The Importance of Dental Hygiene
If you visit your dentist regularly, you probably hear a lot about dental hygiene. After all, the brushing and flossing they recommend is designed to keep your teeth and gums looking (and smelling) fantastic. Oral hygiene, though, is about more than just keeping your smile clean and breath fresh. It also has a significant impact on overall health.
Your mouth is the first part of your digestive system, so it only makes sense that your oral hygiene has a bearing on overall nutrition. Strong teeth are crucial to eating many healthy foods, such as apples, carrots, and nuts. If you don’t maintain your dental hygiene you could experience inflamed gums, cavities, and infected or lost teeth. All of these issues make it more difficult to enjoy wholesome, fresh foods. You could end up filling yourself with soft, junky foods instead. Chewing problems can also lead to irritable bowel syndrome and intestinal failure, among others medical conditions.
Infection and Diseases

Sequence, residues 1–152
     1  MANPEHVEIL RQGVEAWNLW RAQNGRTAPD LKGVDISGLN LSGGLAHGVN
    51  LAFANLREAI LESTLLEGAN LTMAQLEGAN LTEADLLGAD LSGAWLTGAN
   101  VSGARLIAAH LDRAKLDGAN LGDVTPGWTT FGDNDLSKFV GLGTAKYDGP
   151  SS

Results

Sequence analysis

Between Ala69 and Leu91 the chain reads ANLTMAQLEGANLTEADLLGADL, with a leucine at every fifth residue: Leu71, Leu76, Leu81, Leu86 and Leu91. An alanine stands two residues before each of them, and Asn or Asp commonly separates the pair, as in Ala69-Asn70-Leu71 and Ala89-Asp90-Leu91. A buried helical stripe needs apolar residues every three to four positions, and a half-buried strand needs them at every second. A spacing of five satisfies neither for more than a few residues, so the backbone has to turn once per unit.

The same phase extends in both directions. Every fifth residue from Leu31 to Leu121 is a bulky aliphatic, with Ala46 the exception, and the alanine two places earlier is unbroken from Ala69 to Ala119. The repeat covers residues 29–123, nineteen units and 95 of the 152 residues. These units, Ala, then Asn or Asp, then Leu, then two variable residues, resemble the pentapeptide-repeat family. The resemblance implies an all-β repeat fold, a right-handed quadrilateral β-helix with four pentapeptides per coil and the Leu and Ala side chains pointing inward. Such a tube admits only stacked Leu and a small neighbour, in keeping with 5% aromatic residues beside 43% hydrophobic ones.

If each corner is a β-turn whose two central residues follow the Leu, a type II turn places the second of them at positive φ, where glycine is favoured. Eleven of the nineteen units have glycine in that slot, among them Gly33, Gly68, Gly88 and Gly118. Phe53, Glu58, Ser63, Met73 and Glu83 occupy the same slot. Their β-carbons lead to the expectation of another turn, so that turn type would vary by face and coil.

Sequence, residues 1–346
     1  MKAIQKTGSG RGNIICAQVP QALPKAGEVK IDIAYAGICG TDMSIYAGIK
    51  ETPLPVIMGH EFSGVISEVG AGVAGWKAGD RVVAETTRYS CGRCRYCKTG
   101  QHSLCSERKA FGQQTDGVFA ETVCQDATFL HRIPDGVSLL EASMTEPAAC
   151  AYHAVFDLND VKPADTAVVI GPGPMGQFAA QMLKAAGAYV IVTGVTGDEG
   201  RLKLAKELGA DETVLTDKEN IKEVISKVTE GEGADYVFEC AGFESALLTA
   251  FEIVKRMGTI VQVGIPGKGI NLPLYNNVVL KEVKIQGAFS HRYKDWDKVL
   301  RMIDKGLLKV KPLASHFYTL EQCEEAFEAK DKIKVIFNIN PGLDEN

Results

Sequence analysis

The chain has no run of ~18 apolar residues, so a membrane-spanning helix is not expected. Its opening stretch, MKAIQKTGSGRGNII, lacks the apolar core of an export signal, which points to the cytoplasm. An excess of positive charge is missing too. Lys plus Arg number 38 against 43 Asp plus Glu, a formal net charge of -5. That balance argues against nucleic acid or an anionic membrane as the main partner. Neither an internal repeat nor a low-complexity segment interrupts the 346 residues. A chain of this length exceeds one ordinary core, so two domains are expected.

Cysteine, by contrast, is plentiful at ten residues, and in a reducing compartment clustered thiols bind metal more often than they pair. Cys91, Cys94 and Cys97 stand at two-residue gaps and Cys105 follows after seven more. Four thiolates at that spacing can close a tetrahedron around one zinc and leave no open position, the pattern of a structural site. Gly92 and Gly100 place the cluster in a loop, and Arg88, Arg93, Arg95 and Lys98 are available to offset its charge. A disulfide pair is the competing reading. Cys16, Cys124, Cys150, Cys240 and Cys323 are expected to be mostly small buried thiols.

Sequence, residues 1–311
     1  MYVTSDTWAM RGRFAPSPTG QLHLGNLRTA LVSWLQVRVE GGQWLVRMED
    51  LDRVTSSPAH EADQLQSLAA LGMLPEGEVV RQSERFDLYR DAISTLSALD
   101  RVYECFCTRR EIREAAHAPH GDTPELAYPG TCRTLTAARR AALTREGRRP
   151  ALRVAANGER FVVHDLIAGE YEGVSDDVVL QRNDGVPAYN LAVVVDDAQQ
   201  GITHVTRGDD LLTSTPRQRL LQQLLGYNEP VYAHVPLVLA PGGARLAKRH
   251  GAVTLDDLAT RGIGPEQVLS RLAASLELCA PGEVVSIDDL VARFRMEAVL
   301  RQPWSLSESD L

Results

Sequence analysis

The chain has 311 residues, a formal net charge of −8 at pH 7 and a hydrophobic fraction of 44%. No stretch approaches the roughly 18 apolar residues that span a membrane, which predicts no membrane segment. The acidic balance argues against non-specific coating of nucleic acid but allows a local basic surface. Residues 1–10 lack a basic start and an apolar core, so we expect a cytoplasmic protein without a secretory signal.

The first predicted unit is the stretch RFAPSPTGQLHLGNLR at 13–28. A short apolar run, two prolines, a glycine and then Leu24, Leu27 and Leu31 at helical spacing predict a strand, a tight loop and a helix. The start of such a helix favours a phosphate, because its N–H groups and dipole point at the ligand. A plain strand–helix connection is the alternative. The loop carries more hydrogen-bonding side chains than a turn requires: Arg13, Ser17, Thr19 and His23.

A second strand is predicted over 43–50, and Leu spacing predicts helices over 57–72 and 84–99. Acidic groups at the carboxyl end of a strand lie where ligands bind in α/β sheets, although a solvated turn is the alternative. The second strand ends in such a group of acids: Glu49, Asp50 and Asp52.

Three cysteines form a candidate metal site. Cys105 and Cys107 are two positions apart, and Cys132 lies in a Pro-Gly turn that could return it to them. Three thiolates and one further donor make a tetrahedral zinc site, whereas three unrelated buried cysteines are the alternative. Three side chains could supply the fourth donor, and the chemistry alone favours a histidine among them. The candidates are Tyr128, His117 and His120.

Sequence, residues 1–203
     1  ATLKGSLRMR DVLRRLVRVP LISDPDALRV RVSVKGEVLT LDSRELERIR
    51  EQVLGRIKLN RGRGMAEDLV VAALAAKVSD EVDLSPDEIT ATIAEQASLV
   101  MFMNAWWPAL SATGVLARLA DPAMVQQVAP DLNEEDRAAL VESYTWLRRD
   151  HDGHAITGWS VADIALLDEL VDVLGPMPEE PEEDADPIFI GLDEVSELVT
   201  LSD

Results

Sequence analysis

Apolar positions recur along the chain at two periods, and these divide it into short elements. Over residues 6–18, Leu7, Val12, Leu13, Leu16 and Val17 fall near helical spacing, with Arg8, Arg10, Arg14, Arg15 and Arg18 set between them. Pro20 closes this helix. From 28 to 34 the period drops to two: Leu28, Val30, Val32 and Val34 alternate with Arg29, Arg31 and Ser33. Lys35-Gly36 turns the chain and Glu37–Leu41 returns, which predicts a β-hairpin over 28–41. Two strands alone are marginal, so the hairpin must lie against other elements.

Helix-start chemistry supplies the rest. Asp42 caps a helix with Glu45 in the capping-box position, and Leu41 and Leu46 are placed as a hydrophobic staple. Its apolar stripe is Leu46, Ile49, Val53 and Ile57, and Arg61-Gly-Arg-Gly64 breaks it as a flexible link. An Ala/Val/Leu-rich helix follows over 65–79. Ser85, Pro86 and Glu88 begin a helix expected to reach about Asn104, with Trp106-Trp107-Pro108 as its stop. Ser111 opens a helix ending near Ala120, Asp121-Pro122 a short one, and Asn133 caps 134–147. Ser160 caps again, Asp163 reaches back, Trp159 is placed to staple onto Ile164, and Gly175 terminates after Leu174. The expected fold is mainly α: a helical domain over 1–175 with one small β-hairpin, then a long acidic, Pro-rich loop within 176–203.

Poor oral hygiene is also linked to some infections and diseases. Cardiovascular disease, for instance, may be related to the bacteria caused by oral inflammation. New research is constantly being done to determine the exact linkages between such conditions.
There are indirect effects of poor dental hygiene, as well. For example, if you have an infection in your mouth, it weakens your entire immune system and makes you more susceptible to other sicknesses. Serious cases of oral infection may potentially lead to sepsis.
How to Maintain Good Oral Hygiene
Keeping your mouth clean and healthy requires proper attention. The most important thing to develop is a maintainable routine. It’s not good enough to brush only a few times a week; brushing needs to occur at least twice per day. Make sure you’re spending about two minutes brushing, or you might not remove all of the plaque and bacteria. To simplify the process, set a timer or play your favorite song.
Other steps to good oral hygiene include:
• Flossing at least once per day, being careful not to damage the gums.
• Using a mouthwash after eating.
• Avoiding excess sugar or overly sticky foods, such as caramel.
• Brushing after eating sugary or grainy meals that may embed themselves in tooth grooves or existing cavities.
One of the most important ways to protect your dental hygiene is by visiting your dentist on a regular basis. She will be able to check for warning signs and future problems, while giving your teeth a deep cleaning.
If you need help and guidance on this, give us a call!
Solace Oral Surgery www.SolaceOralSurgery.com